Update: Dassault Falcon Jet in Little Rock Plans $60M Expansion

by Lance Turner and Luke Jones  on Wednesday, May. 29, 2013 11:00 am  

To keep the operation in Little Rock, AEDC said it committed three types of state incentives to the expansion:

  • the "create rebate," a cash rebate equal of 3.9 percent of the retained jobs and any new payroll for 10 years; 
  • sales tax refunds on building materials, taxable machinery and equipment associated with the expansion project;
  • and $2 million from the Governor's Quick Action Closing Fund to go toward the cabinet and upholstery shop renovations and new building construction.

According to Shane Carter, the airport's director of public policy and governmental affairs, the airport provided an incentive package totaling $43 million, "primarily as rent credits to be used over the next 40 years."

38 Years in Little Rock

Dassault Falcon Jet is part of Dassault Aviation of Paris, France. The company has been in Little Rock since 1975, when it bought Little Rock Airmotive. At the time, its facilities were limited to a 61,500-SF hangar and office that had been used as a completion center by FedEx founder Fred Smith, who launched his overnight delivery service in the early 1970s.

In April 2012, Arkansas Business reported employment of 1,700 at Dassault, making it No. 1 among the state's aerospace firms. The company has three other facilites in the U.S. in Teterboro, N.J.; Wilmington, Del.; and Reno, Nev.

Like its peers, the company has seen its share of ups and downs in the last decade.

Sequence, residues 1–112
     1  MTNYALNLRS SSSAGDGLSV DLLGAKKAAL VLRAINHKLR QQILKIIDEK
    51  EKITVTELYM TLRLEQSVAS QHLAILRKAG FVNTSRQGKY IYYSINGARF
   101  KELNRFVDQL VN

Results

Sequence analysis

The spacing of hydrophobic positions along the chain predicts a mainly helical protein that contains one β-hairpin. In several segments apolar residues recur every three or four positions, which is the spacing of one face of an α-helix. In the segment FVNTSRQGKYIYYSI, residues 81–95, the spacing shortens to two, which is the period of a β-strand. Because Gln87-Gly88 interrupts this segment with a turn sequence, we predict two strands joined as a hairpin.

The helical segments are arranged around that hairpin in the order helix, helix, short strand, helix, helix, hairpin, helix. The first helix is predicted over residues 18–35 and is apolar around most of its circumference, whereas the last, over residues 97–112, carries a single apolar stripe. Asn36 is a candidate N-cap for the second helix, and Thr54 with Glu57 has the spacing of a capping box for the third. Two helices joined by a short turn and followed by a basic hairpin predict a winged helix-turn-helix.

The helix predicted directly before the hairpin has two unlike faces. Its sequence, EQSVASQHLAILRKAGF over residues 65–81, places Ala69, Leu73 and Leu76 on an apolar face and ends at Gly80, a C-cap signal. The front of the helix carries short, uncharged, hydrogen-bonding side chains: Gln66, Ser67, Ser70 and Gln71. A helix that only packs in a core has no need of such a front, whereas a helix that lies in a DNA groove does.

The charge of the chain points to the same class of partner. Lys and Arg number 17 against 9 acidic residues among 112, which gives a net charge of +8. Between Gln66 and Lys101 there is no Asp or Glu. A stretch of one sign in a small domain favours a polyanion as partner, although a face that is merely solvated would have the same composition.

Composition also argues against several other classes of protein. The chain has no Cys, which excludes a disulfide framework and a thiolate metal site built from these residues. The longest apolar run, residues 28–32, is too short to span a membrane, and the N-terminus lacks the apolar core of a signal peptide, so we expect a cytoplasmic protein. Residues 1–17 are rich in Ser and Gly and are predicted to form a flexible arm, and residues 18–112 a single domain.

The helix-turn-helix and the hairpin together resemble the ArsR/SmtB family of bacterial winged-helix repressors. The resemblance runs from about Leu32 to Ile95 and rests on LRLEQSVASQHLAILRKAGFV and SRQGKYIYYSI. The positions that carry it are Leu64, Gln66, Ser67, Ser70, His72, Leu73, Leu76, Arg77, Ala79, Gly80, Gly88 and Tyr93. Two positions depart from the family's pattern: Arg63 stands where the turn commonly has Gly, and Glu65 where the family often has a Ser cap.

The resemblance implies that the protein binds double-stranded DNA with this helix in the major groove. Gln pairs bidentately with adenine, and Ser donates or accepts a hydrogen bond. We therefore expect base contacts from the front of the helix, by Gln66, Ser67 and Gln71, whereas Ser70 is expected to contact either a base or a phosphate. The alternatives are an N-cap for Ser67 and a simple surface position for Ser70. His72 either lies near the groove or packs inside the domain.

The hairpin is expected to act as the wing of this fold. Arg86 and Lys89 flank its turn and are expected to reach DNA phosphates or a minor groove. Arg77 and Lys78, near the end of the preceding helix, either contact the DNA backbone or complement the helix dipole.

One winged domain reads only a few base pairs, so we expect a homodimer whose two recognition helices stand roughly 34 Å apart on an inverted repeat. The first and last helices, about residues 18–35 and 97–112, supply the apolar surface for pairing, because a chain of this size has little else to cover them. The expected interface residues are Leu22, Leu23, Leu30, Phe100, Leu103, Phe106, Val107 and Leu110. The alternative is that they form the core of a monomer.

In 2006 and 2007, it announced $30 million in expansions at its completion center at Adams Field, saying it would hire an additional 300 workers, including aircraft maintenance technicians and craftsmen, to meet its increased production demand.

Included in the project was a new 66,500-SF paint facility, which the company opened in 2008. The new paint facility brought the Dassault operation's Adams Field footprint to more than 900,000 SF.

But the economic collapse curtailed demand for private jets. In June 2009, the layoffs began, with Dassault cutting 111 workers in Little Rock. And in December 2009, it laid off 205 more. By April 2010, the company had about 1,760 workers, down from its high of about 2,200 in 2009.

At the same time, Hawker Beechcraft of Witchita, Kan., which operated another aircraft completions center at Adams Field, was cutting its workforce.

After warning in fall 2008 that orders were drying up due to the economy, Hawker begain cutting workers companywide. By 2012, it had declared bankruptcy, announced plans to scuttle its business jet business and all but closed its Little Rock plant.



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